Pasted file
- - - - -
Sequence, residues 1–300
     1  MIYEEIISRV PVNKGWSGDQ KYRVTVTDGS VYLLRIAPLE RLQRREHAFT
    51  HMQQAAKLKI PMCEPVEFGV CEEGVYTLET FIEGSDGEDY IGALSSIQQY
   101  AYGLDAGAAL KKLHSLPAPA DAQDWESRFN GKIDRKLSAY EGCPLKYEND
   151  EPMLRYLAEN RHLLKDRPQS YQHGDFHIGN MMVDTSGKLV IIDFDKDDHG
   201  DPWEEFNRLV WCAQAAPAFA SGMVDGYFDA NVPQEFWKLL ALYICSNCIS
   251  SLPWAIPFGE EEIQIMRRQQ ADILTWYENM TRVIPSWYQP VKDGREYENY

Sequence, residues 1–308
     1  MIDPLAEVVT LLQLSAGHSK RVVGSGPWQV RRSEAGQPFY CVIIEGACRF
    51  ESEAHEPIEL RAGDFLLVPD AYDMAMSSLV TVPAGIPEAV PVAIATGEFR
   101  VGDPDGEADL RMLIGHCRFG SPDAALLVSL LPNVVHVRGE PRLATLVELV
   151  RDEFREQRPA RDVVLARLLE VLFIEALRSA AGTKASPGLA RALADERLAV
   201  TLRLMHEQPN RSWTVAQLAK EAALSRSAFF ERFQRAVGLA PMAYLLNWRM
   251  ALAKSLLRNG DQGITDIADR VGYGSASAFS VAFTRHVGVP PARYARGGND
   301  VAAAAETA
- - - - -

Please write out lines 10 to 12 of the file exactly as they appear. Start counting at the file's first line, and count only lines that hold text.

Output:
    51  ESEAHEPIEL RAGDFLLVPD AYDMAMSSLV TVPAGIPEAV PVAIATGEFR
   101  VGDPDGEADL RMLIGHCRFG SPDAALLVSL LPNVVHVRGE PRLATLVELV
   151  RDEFREQRPA RDVVLARLLE VLFIEALRSA AGTKASPGLA RALADERLAV